The thorny melon, a once-neglected fruit in Kenya, has gained popularity due to its endorsed health benefits and the recommendations of doctors. With its ability to slow down the aging process and boost the immune system, this spiky and unusual fruit is now being embraced by farmers and consumers alike.
Meru County stands out as a prime example, where farmers are allocating land for thorny melon cultivation and reaping its rewards.
The Curious Journey of Thorny Melon
Originally dismissed for its unappealing appearance and taste, thorny melon is now gaining traction due to its exceptional health benefits.
The fruit takes between 28 and 45 days to reproduce and matures within two weeks. With increasing demand, farmers are returning to its cultivation, motivated by its newfound popularity and nutritional value.
Embracing Thorny Melon in Meru
Meru County has become a hub for thorny melon cultivation, with farmers like Fred Mutura dedicating an entire acre of land to this fruit.
Introduced to the fruit by a friend, Mutura’s interest was piqued by its unique characteristics and potential health benefits. Despite initial skepticism from his peers, he persevered, finding that thorny melon trees require minimal insecticides, making it a cost-effective crop to grow.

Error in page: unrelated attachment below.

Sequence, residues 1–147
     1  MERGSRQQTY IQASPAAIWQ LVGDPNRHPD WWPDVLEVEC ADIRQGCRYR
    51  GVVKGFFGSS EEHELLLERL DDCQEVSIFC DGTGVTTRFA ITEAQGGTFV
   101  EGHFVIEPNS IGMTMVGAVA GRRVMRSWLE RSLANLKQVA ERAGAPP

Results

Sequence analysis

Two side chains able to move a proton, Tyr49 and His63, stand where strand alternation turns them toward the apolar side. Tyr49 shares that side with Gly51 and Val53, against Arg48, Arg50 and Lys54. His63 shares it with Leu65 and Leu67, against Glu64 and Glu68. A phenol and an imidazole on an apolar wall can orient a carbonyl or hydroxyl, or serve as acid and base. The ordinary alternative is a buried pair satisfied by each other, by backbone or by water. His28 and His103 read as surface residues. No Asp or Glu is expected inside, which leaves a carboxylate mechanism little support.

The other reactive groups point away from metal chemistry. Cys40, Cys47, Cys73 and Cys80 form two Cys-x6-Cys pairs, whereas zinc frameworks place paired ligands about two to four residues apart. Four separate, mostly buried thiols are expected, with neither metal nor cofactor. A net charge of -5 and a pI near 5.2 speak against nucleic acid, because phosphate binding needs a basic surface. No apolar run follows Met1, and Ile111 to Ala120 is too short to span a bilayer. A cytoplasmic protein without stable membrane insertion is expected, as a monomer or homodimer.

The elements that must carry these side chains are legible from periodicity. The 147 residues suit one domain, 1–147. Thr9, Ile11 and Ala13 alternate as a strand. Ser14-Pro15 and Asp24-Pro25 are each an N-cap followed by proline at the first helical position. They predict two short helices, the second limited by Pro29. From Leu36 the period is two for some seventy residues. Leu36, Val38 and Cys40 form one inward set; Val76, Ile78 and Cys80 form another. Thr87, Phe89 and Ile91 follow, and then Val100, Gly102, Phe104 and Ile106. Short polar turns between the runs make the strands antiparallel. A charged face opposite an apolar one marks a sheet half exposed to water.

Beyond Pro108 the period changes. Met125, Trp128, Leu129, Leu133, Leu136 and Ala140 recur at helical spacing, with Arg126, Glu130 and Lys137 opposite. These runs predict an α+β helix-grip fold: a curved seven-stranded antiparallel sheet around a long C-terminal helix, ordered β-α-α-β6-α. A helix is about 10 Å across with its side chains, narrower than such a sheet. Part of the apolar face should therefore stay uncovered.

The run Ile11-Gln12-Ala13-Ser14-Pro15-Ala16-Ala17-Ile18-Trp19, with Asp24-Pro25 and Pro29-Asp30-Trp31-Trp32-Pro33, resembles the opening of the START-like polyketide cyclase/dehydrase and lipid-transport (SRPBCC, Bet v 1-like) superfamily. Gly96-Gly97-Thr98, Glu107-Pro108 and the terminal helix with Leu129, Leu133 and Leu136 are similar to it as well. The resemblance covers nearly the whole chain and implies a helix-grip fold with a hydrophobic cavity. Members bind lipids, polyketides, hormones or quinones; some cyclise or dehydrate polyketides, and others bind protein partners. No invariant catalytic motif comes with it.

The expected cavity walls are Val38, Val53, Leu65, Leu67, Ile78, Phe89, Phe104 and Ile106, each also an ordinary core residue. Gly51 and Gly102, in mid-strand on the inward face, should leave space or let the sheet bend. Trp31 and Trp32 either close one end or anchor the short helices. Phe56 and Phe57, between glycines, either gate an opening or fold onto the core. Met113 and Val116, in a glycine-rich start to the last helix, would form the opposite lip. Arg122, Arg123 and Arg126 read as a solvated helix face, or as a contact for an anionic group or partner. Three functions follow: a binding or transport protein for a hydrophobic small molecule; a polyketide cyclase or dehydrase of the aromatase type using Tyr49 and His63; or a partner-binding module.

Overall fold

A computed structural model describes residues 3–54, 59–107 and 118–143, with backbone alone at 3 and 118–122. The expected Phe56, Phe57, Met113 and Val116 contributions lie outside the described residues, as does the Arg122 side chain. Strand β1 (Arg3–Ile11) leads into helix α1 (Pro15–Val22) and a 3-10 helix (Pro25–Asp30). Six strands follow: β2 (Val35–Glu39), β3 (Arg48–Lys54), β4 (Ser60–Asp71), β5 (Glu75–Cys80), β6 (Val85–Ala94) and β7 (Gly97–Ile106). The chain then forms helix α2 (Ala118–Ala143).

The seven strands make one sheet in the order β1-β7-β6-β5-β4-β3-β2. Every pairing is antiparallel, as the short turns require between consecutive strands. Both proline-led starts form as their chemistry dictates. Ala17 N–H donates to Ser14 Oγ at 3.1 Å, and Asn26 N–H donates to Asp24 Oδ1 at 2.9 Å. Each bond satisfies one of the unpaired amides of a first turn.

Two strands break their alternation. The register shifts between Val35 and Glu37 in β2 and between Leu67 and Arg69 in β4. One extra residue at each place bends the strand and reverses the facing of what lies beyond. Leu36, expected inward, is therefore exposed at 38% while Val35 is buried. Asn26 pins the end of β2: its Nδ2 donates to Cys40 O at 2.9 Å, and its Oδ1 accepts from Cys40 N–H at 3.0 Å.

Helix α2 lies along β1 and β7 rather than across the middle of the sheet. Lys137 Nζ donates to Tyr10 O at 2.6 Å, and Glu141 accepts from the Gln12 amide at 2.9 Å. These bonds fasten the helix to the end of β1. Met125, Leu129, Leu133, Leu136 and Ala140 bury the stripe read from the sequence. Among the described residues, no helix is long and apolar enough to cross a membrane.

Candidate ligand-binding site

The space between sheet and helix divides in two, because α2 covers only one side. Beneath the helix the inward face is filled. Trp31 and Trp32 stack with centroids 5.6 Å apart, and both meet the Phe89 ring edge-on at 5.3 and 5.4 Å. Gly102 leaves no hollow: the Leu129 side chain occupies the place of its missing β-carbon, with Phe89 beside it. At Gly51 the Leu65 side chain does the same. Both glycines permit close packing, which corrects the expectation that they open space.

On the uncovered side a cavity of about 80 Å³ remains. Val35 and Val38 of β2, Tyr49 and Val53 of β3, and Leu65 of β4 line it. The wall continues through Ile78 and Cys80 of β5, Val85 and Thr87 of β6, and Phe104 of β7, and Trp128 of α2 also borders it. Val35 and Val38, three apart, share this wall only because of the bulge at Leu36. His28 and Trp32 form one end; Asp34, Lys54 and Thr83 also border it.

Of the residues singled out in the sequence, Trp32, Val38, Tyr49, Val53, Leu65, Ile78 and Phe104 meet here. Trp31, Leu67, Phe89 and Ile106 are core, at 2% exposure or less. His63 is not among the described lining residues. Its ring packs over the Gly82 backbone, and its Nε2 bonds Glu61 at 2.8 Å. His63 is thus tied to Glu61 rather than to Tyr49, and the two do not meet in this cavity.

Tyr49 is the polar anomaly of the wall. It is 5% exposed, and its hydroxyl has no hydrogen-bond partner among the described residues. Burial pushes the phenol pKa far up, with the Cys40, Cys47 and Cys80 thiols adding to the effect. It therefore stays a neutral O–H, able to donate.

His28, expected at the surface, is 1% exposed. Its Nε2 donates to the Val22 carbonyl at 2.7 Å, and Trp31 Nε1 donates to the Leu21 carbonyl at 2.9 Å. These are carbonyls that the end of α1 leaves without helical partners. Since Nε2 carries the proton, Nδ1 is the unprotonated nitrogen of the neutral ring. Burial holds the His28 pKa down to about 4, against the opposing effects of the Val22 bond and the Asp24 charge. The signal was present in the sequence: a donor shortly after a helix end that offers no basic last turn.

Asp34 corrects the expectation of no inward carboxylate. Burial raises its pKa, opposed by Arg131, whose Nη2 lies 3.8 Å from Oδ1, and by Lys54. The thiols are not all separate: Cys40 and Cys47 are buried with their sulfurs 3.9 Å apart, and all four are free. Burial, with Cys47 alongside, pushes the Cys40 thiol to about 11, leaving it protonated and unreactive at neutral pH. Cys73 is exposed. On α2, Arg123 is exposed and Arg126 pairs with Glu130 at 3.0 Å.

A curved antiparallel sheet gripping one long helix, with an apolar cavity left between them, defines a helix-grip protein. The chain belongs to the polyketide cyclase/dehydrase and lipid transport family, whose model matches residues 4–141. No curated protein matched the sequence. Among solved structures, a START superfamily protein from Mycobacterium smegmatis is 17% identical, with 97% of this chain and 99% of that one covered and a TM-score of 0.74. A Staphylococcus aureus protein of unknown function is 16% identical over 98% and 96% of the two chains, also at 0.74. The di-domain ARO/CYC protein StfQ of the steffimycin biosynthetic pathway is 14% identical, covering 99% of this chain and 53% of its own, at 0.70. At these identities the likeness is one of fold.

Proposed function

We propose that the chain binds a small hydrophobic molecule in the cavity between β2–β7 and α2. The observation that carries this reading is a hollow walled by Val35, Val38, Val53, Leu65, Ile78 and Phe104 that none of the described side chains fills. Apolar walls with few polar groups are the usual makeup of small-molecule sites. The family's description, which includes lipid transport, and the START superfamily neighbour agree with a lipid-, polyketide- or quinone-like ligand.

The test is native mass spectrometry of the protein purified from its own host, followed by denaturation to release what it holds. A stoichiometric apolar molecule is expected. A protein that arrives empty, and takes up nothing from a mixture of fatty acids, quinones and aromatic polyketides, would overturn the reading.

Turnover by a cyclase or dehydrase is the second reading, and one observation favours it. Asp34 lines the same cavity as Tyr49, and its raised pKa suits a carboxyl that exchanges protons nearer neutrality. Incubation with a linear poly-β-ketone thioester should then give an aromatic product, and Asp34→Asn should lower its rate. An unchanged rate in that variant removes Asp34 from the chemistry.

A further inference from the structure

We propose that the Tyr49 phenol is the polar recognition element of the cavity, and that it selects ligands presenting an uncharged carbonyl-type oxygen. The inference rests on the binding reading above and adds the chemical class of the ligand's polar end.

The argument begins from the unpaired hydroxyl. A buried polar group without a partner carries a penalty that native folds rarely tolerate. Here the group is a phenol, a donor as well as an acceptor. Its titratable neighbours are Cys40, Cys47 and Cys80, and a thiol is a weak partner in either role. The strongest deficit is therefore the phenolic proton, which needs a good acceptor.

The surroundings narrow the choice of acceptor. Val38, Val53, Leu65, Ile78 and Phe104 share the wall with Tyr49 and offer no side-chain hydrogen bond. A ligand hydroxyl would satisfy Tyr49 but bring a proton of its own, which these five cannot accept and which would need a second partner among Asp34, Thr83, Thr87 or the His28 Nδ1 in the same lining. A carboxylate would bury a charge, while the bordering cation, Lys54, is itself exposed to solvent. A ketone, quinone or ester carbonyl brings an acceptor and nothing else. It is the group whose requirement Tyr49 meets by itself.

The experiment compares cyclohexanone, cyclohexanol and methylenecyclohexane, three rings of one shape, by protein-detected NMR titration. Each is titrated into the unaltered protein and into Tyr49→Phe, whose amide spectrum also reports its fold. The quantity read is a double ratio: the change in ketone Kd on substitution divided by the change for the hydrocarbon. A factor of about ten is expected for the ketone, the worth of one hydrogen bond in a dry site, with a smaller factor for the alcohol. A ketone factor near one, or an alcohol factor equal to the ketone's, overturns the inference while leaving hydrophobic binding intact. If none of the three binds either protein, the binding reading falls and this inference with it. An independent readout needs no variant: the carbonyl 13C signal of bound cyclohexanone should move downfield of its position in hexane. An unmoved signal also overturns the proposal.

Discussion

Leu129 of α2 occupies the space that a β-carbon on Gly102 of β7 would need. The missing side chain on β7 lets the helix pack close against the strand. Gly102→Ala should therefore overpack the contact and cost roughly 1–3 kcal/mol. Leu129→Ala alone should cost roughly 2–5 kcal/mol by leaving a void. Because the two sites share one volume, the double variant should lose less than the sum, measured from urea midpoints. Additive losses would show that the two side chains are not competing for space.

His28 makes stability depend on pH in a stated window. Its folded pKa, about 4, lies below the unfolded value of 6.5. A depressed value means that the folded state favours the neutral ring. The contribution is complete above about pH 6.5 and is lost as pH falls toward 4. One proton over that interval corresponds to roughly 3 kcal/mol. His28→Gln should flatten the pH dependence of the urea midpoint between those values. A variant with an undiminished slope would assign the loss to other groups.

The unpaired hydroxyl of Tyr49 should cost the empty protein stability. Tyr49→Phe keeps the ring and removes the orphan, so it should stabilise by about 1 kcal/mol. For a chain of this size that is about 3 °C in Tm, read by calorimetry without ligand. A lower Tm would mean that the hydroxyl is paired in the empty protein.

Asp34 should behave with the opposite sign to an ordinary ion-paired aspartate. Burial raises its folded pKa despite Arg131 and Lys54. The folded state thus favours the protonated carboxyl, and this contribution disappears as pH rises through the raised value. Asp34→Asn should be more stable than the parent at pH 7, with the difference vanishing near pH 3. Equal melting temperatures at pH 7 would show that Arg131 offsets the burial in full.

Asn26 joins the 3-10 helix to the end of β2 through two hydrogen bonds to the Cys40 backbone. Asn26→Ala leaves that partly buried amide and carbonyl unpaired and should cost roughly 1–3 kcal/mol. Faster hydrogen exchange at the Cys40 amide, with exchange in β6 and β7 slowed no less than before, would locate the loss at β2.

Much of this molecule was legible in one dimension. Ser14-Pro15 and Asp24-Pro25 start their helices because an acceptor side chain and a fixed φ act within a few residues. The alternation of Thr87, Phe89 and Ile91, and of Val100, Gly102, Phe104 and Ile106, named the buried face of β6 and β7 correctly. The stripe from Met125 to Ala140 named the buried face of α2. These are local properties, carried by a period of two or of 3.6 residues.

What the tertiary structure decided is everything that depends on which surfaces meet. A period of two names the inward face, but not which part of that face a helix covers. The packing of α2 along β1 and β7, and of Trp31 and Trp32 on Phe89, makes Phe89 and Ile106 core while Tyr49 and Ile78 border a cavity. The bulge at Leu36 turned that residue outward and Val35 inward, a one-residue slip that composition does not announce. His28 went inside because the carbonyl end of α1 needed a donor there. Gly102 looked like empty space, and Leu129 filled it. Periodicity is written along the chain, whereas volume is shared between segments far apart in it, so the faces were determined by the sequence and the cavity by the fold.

Overcoming Challenges and Establishing a Market
Mutura faced challenges in finding a market for thorny melon, as local residents were hesitant to try this unfamiliar fruit. However, he managed to attract customers from western Kenya who recognized its nutritional value. With persistence and patience, Mutura now sells the fruit at competitive prices and aims to further expand his market reach.
Nutritional Value and Health Benefits
The yellowish-green pigment found in thorny melon seeds and pulps contains Vitamin A, which strengthens the immune system, repairs DNA, and slows down the aging process. Dr. Peter Kiambi, a private medical practitioner in Meru, advocates for consuming thorny melon as a cost-effective way to obtain essential nutrients and micronutrients.
Future Prospects and Collective Farming
Motivated by his success, Mutura is mobilizing farmers to join him in cultivating thorny melon and form a farmers’ interest group. This collaboration aims to access government funds and credit opportunities.